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Easter Egg in Government-Sanctioned Trojan Proves Programmer Humor Not Dead

An easter egg hidden in a commercial spyware product from Gamma International proves once again that programmer’s humor is not dead, even when government interests are at stake. According to an analysis report from Claudio Guarnieri, a researcher at Rapid7, the FinFisher Lawful Interception malware responds with “Hallo Steffi!” whenever their servers are queried.

This is presumed to be an internal joke, but also reveals that the Trojan has probably been coded in Germany, or at least  by German-speaking developers.

Easter eggs are undocumented features usually included by programmers just for fun. Once extremely popular in major applications and operating systems (including products from  Microsoft, such as the Microsoft Bear, the Microsoft Bunny or the  Word 97 Pinball game), they have been phased out because of government regulations regarding undocumented features (the Trustworthy Computing Initiative).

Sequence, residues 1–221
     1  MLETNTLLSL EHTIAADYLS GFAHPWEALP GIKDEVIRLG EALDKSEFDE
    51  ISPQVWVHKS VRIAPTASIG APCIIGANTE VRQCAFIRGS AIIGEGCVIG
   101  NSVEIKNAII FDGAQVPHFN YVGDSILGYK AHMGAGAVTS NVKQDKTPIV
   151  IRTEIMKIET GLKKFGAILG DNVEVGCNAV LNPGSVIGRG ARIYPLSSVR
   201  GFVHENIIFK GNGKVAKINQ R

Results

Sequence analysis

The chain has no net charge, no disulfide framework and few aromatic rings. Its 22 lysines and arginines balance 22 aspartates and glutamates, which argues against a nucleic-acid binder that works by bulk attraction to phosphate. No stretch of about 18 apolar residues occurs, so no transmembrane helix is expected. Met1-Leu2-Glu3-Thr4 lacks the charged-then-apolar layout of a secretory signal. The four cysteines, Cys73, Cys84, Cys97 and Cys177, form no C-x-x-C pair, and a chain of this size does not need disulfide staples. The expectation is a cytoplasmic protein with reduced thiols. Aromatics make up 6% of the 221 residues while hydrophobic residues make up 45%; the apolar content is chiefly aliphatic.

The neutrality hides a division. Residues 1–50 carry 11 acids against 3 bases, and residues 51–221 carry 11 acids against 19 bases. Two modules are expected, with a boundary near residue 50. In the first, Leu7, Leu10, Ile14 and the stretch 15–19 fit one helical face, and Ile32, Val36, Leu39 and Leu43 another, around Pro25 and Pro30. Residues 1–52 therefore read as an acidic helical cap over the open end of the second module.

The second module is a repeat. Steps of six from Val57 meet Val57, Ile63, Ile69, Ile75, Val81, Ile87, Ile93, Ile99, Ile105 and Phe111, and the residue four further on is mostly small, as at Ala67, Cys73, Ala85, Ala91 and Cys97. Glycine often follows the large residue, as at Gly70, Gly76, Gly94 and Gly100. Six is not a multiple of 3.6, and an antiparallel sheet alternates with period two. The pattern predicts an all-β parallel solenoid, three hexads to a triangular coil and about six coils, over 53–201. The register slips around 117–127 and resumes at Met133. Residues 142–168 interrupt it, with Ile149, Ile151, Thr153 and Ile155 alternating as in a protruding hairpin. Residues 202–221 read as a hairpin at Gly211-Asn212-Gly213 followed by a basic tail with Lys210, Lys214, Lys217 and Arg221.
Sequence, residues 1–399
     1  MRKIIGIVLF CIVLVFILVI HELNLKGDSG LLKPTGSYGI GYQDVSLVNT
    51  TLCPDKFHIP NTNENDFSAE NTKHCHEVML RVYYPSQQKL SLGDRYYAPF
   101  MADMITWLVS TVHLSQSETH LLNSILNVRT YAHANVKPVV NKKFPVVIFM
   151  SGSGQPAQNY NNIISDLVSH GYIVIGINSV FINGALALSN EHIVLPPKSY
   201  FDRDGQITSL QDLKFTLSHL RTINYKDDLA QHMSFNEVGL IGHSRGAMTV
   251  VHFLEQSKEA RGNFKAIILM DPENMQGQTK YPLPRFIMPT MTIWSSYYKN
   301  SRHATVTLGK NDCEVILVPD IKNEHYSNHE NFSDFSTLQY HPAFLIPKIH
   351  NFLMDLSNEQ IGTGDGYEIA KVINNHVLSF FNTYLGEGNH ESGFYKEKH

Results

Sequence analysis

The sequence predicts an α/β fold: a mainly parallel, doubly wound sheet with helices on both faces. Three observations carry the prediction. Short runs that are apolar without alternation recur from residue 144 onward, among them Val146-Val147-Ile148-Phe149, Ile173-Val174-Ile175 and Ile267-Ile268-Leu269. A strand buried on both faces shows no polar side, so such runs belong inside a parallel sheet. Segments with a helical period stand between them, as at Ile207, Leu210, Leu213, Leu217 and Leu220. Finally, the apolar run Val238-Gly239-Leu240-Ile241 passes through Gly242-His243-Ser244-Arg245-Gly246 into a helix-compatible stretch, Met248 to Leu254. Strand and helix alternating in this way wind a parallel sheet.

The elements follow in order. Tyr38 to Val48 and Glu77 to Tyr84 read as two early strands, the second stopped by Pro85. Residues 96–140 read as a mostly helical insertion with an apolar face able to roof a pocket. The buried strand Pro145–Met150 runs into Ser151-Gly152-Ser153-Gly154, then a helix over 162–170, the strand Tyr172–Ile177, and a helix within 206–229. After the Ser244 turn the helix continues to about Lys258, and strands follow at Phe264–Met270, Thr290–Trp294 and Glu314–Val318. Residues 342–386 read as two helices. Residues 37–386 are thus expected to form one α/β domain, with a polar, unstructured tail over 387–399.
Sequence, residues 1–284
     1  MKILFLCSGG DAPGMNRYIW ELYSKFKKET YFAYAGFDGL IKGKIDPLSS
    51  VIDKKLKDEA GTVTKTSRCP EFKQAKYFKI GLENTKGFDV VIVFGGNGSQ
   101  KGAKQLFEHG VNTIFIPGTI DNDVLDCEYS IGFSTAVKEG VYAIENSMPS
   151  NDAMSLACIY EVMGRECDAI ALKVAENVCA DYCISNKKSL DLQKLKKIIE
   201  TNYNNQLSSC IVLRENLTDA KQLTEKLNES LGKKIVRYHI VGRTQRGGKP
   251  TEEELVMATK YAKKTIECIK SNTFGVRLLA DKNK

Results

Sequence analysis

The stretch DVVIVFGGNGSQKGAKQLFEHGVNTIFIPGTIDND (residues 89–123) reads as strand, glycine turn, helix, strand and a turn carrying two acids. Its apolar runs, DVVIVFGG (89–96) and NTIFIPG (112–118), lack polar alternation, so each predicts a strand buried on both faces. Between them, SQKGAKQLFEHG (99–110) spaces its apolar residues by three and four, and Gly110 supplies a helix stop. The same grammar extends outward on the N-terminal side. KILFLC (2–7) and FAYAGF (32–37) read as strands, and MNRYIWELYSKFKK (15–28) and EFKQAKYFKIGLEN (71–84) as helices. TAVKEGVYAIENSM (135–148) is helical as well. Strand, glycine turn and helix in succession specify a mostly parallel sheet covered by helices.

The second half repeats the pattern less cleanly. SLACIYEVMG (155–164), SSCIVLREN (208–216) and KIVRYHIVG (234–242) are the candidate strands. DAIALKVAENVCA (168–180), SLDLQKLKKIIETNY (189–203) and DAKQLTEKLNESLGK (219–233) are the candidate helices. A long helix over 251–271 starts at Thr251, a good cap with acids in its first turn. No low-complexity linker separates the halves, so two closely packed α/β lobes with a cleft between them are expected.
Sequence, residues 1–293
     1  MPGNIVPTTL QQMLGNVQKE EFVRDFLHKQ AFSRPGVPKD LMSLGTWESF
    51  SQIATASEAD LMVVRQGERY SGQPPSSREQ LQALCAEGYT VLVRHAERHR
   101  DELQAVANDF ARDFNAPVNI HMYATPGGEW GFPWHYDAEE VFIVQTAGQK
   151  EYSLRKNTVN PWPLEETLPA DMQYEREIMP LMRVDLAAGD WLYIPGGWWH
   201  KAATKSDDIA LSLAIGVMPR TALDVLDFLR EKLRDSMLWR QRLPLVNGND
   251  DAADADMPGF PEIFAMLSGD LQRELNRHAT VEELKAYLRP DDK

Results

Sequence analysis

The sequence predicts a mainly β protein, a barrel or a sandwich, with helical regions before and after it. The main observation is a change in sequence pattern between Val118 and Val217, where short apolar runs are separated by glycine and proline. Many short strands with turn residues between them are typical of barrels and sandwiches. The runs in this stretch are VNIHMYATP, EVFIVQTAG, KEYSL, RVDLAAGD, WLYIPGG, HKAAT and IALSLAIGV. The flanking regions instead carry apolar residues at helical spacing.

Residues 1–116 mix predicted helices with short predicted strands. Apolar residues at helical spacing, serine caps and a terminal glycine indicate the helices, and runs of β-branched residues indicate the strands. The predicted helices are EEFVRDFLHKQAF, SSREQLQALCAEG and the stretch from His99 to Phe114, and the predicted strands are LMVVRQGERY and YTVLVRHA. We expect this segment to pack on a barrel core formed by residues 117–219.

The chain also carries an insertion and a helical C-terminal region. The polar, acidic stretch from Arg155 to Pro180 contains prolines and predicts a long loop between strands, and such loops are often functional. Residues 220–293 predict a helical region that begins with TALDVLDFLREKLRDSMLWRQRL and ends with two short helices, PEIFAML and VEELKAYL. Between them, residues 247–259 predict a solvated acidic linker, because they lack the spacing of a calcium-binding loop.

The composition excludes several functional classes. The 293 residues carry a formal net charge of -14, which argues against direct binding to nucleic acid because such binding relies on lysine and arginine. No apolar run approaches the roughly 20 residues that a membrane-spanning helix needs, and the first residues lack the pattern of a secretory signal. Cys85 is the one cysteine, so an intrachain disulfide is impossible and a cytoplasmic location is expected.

The FinFisher FinSpy Trojan is used by the federal government in Germany and uses a decentralized command-and-control infrastructure with servers in Ethiopia, Australia, Dubai, Estonia, Indonesia, Qatar, Latvia, Mongolia, the Czech Republic and the US. The Trojan surfaced as it was revealed as the main instrument of espionage for political activists in Bahrain.

About the author


Bogdan Botezatu is living his second childhood at Bitdefender as senior e-threat analyst. When he is not documenting sophisticated strains of malware or writing removal tools, he teaches extreme sports such as surfing the web without protection or rodeo with wild Trojan horses. He believes that most things in life can be beat with strong heuristics and that antimalware research is like working for a secret agency: you need to stay focused at all times, but you get all the glory when you catch the bad guys.

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